APPEAL from the Circuit Court of McDonough County; the Hon.
WILLIAM L. RANDOLPH, Judge, presiding.
MR. JUSTICE STENGEL DELIVERED THE OPINION OF THE COURT:
In this condemnation proceeding defendant property owners Josiah W. Collins II and others appeal from orders denying their traverse and motions to dismiss and from an order granting plaintiff's motion for immediate vesting of title. (See Ill. Rev. Stat. 1977, ch. 47, par. 1 et seq.) The property which is the subject of this litigation is identified as Parcel 9154 and consists of 1.407 acres, of which .879 acre is now a public road right-of-way for Illinois State Bond Issue Route 9, also known as U.S. 136, in Macomb, Illinois. One of the Illinois highway improvement projects scheduled for fiscal year 1977 (July 1, 1976, through June 30, 1977) was Project 24 whereby a one-half mile length of U.S. 136 in Macomb would be widened from two lanes to five lanes with two traffic lanes in each direction and one left turn lane at each intersection.
On June 2, 1977, the Department of Transportation of the State of Illinois filed a petition for condemnation to secure fee simple title to Parcel 9154 for highway right-of-way and to secure temporary construction easements over five separate small tracts to be used for machinery, equipment, and workmen in the course of construction. On the same date the Department also filed a motion for immediate vesting of title which alleged that the schedule of improvements adopted by the Department for fiscal year 1977 included the widening and improving of U.S. 136 in Macomb and that, since this project is to be let for bidding on June 17, 1977, the Department must acquire title to these parcels prior to that date. Failure to let the contract prior to the June 30 expiration of fiscal year 1977 would cause the funds appropriated for the project to lapse.
A hearing on the Department's motion for immediate vesting of title was set for June 10, 1977, and at that time defendant Collins requested and was granted a continuance until June 21, 1977, for the stated purpose of obtaining expert valuation witnesses. Also on June 10, a special and limited appearance was entered by Macomb High School Chapter of Future Farmers of America for the "purpose of objecting to the lack of service of process upon this Defendant and to the jurisdiction of the Court over it * * *." The affidavit attached to this appearance indicated that the Macomb FFA rented certain farm land from Collins and that a portion of that farm land was subject to the condemnation proceeding.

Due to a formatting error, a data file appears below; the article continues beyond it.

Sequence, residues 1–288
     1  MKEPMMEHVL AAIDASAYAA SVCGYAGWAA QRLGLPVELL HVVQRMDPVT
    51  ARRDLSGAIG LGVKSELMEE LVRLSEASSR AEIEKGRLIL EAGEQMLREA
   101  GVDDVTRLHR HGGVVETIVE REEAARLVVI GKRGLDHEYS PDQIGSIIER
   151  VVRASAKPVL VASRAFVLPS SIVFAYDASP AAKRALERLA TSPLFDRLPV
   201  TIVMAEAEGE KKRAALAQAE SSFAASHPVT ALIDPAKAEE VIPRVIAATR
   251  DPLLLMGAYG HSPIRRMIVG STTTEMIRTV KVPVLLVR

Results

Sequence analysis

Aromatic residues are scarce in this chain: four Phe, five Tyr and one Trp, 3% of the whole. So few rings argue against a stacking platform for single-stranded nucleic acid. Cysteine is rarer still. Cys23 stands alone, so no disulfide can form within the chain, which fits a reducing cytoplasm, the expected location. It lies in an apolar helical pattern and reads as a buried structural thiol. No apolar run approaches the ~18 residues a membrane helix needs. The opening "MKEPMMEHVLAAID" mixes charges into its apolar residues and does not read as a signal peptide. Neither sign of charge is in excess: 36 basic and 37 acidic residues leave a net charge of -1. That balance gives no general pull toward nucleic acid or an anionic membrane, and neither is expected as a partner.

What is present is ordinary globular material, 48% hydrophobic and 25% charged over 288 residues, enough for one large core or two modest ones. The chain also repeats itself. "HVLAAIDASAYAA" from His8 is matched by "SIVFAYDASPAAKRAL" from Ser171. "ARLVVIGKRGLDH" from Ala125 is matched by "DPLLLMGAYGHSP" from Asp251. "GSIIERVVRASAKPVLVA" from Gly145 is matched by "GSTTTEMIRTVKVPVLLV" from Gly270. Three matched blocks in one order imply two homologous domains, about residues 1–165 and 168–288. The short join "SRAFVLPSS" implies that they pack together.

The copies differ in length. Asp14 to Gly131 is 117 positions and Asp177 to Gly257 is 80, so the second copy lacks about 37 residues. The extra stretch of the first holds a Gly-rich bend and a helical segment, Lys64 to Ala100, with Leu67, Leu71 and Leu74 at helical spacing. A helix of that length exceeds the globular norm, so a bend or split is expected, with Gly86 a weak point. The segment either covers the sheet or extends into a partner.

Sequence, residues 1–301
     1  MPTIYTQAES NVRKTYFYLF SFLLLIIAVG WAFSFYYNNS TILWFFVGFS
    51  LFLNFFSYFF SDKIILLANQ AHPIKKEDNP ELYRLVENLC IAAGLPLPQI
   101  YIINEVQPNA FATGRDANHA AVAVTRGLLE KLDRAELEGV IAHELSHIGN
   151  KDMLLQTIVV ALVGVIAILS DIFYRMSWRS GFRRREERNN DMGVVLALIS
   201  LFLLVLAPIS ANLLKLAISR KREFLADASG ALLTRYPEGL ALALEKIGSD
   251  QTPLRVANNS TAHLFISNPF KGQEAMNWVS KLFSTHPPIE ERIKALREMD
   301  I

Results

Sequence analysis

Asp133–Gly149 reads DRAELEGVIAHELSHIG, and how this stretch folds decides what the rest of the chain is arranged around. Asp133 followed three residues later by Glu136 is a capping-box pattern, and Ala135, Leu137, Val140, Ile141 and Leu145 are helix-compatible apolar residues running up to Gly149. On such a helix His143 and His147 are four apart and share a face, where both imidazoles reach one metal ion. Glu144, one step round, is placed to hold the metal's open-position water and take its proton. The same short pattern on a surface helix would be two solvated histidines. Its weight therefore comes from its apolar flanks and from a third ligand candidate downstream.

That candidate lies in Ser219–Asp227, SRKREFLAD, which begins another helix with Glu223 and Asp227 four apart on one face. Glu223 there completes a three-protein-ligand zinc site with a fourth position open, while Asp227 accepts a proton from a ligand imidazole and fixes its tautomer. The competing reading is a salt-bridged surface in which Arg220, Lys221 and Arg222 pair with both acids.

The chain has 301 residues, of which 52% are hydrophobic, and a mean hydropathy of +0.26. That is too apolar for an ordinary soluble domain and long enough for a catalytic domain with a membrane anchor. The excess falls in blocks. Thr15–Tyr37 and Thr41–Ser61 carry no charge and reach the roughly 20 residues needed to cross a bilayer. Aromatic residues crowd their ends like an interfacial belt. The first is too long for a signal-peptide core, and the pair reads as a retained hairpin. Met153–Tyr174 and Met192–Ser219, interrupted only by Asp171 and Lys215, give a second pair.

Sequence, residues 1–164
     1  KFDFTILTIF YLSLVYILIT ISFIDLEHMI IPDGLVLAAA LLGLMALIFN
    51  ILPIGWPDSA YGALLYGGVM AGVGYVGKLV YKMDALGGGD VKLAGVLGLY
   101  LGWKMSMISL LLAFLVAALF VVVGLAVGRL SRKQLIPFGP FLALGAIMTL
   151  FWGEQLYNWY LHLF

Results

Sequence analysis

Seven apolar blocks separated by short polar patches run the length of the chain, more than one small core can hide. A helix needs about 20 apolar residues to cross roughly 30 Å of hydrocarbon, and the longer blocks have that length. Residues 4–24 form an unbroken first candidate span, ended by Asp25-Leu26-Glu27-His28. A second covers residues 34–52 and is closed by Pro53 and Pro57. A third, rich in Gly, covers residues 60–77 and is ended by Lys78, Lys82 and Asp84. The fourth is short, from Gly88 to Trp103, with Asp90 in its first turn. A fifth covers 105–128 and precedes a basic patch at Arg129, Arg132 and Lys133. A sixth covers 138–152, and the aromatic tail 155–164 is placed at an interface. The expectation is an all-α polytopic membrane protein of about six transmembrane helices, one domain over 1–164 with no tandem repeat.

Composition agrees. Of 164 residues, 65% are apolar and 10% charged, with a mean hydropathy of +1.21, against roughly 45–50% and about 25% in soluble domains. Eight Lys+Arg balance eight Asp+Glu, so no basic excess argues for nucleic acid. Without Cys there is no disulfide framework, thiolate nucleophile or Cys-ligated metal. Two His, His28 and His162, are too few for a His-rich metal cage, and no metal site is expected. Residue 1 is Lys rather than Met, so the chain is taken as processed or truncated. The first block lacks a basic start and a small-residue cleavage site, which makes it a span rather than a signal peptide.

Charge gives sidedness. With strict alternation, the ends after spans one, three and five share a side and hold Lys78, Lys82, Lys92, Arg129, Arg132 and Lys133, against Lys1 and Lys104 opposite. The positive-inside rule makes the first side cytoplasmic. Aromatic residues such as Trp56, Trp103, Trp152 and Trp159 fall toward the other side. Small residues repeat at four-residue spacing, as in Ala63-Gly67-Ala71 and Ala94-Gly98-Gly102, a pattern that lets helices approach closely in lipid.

On June 14, 1977, upon motion of the Department, the court entered an order without notice to the other parties, granting leave to add the Macomb FFA as an additional party-defendant.
On June 21, the day set for the hearing, 10 written motions were filed. Only those which concern this appeal need be mentioned here. First, at the request of the Department, one defendant, McDonough Power Cooperative, was dismissed as a party. Next, defendant Collins presented a motion to strike the June 14 order which added the FFA as a defendant without notice to other parties. The court denied Collins' motion to strike.
Collins also filed a traverse and motion to dismiss relating both to the petition for condemnation and to the motion for immediate vesting, followed by, inter alia, a motion for continuance. A traverse and motion to dismiss were also filed by Western Illinois Oil Company, another defendant.
By mutual agreement of the parties the court first heard arguments of counsel as to the pleading and jurisdictional issues raised in the motions to dismiss, and defendants' motions were denied. The court next considered defendant Collins' motion for a continuance to permit interrogatories and discovery depositions of Department agents relating to whether this is a proper exercise of the right of eminent domain, whether reasonable necessity exists for taking this property, and what is preliminary just compensation. The court denied the motion, in part because it was not filed until the day set for hearing.